19. You have chosen to ignore posts from pezz4pats. Show pezz4pats's posts

    Re: A statistical look at the Pats defines this year

    In response to MattC05's comment:
    [QUOTE]

    In response to TFB12's comment:
    [QUOTE]

    Patriots defense was ranked 8th worst in time of possession.

    ...  Time of possession the Pats offense was right in the middle at 17th.

    [/QUOTE]

    These 2 statistics are utterly impossible.  Time of possession must be exactly the same between offense and defense; if the Pats D is 8th worst in TOP, the Pats O must ALSO be 8th worst in TOP.  Unless the statistics you're using are simply raw time including OT, in which case they are absolutely useless.

    [/QUOTE]


    No, they are independent.

    If (just putting in #'s), the Pats O, ToP, was 28 minutes,  that could put them 17th compared to other Offenses.

    If the D's ToP was 32 minutes, that could put them near last compared to other defenses,

     
  20. You have chosen to ignore posts from TrueChamp. Show TrueChamp's posts

    Re: A statistical look at the Pats defines this year

    In response to TFB12's comment:
    [QUOTE]

    Here are some more interesting defensive stats..

    Patriots defense allowed the 3rd most plays from scrimmage, just below the Vikings who were #2.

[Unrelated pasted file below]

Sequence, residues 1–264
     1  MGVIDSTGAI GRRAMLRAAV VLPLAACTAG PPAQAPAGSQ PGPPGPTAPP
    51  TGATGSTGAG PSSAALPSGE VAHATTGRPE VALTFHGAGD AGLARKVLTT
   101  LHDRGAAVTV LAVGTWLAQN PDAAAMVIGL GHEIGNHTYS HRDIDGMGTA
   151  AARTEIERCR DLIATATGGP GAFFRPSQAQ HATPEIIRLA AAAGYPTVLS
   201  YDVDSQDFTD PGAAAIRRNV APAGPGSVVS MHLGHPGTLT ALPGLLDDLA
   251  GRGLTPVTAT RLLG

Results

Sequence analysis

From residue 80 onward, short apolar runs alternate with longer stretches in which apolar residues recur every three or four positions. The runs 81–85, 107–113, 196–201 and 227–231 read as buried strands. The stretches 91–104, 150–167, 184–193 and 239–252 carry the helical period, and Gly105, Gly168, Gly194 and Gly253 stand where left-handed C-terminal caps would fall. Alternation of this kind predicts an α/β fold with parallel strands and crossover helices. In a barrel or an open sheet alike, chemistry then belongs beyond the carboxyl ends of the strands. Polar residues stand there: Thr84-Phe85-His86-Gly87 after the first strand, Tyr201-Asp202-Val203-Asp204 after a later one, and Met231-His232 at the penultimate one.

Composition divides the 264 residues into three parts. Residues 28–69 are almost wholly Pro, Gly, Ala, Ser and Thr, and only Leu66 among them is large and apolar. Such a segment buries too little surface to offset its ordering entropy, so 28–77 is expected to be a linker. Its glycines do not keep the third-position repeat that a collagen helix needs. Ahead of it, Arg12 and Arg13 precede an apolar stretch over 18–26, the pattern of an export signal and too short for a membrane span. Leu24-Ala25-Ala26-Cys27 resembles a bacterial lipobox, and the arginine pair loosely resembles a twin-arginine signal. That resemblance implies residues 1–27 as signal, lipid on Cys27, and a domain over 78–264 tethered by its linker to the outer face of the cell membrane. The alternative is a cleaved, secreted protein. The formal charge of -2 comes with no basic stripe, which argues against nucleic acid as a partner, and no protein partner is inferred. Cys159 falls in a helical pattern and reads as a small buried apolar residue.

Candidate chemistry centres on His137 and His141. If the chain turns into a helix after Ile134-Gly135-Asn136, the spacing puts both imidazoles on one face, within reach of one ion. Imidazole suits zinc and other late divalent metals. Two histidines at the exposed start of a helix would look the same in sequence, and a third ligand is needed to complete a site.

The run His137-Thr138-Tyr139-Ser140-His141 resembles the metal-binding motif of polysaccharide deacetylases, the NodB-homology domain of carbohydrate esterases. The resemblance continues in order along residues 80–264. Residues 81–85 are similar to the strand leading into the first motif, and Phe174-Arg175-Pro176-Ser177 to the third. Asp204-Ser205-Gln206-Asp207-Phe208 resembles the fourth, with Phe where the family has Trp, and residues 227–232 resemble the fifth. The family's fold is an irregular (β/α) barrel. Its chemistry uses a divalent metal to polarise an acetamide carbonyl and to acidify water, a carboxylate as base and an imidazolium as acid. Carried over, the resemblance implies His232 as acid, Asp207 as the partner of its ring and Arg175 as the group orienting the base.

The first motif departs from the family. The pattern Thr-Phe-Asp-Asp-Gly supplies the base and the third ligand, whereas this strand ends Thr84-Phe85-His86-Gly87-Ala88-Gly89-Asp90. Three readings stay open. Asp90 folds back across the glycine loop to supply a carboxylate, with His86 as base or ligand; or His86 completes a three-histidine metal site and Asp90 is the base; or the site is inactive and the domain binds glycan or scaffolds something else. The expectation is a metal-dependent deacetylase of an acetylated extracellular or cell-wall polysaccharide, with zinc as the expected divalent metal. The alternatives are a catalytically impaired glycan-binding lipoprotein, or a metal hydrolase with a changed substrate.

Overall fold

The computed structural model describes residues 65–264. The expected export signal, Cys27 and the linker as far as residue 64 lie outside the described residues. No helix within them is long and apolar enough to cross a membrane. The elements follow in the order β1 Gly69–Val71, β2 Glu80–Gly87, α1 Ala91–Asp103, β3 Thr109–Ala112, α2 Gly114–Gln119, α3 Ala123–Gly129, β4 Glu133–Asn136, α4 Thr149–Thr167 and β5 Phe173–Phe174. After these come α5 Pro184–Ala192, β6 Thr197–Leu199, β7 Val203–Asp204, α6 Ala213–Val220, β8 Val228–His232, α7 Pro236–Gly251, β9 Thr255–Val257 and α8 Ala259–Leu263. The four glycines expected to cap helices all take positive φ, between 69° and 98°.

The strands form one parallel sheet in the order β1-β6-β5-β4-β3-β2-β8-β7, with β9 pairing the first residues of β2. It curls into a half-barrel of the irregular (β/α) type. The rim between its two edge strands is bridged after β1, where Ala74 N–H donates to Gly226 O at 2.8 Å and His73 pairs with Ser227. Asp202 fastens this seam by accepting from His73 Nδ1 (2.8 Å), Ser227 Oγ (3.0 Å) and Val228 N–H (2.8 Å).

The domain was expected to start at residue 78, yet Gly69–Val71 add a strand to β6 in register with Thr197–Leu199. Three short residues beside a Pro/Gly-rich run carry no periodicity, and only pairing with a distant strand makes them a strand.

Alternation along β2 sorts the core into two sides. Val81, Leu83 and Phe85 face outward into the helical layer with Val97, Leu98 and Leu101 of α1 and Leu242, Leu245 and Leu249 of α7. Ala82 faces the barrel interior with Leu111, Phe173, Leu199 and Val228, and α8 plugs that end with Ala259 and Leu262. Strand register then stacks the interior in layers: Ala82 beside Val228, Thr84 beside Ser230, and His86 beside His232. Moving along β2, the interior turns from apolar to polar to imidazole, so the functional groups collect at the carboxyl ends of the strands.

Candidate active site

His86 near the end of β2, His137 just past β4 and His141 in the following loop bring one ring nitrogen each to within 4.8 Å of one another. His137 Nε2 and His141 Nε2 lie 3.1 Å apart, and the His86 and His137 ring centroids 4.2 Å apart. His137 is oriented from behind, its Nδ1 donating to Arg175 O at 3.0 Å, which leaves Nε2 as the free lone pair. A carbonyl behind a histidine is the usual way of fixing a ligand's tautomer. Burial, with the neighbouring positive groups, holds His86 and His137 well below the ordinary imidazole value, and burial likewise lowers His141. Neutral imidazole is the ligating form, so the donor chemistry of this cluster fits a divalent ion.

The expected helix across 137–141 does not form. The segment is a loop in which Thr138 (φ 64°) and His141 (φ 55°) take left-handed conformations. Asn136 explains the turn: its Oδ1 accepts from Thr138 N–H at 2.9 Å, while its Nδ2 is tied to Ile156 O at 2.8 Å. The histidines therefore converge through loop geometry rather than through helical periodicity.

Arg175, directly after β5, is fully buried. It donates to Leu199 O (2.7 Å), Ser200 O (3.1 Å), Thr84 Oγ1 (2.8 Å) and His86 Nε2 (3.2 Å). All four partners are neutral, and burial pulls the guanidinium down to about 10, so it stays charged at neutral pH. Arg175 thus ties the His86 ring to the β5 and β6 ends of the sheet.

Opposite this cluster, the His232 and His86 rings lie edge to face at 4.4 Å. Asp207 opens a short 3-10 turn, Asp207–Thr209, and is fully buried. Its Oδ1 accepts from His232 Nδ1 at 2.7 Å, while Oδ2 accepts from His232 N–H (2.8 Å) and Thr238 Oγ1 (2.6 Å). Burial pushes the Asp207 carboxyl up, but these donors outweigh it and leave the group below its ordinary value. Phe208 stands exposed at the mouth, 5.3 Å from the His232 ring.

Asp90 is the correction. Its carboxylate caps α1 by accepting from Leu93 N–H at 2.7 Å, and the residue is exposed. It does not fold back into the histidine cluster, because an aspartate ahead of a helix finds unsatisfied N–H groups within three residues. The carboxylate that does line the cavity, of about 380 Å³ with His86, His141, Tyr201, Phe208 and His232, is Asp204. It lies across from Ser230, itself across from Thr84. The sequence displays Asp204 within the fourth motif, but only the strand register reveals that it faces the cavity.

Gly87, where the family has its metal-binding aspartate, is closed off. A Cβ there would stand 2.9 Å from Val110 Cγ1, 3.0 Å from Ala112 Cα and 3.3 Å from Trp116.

Patriots defense was ranked 8th worst in time of possession.

    The Patriots defense just couldn't get off the field as we witnessed in the 3rd qtr of the Broncos game. 

    It wasn't because the Pats offense wasn't staying on the field long enough.  The Pats offense was ranked 2nd in the number of plays ran from scrimmage, the Broncos were ranked 1st.  Time of possession the Pats offense was right in the middle at 17th.

    Defense takeaways for this season was at the lowest (29) since 2009 (28).  Last season they had 41 takeaways, 2011 they had 34 takeaways, 2010 they had 38 takeaways.

    Certainly the takeaways and staying on the field were major problem area's for the defense this season.

    [/QUOTE]

    If the pats offense ran the 2nd most plays in the entire league but were only 17th in T.O.P on offense then what does that tell you? 

     
  21. You have chosen to ignore posts from TFB12. Show TFB12's posts

    Re: A statistical look at the Pats defines this year

    In response to MattC05's comment:
    [QUOTE]

    In response to TFB12's comment:
    [QUOTE]

    Patriots defense was ranked 8th worst in time of possession.

    ...  Time of possession the Pats offense was right in the middle at 17th.

    [/QUOTE]

    These 2 statistics are utterly impossible.  Time of possession must be exactly the same between offense and defense; if the Pats D is 8th worst in TOP, the Pats O must ALSO be 8th worst in TOP.  Unless the statistics you're using are simply raw time including OT, in which case they are absolutely useless.

    [/QUOTE]


    Wrong!

     
  22. You have chosen to ignore posts from TFB12. Show TFB12's posts

    Re: A statistical look at the Pats defines this year

    In response to TrueChamp's comment:
    [QUOTE]

    In response to TFB12's comment:
    [QUOTE]

    Here are some more interesting defensive stats..

    Patriots defense allowed the 3rd most plays from scrimmage, just below the Vikings who were #2.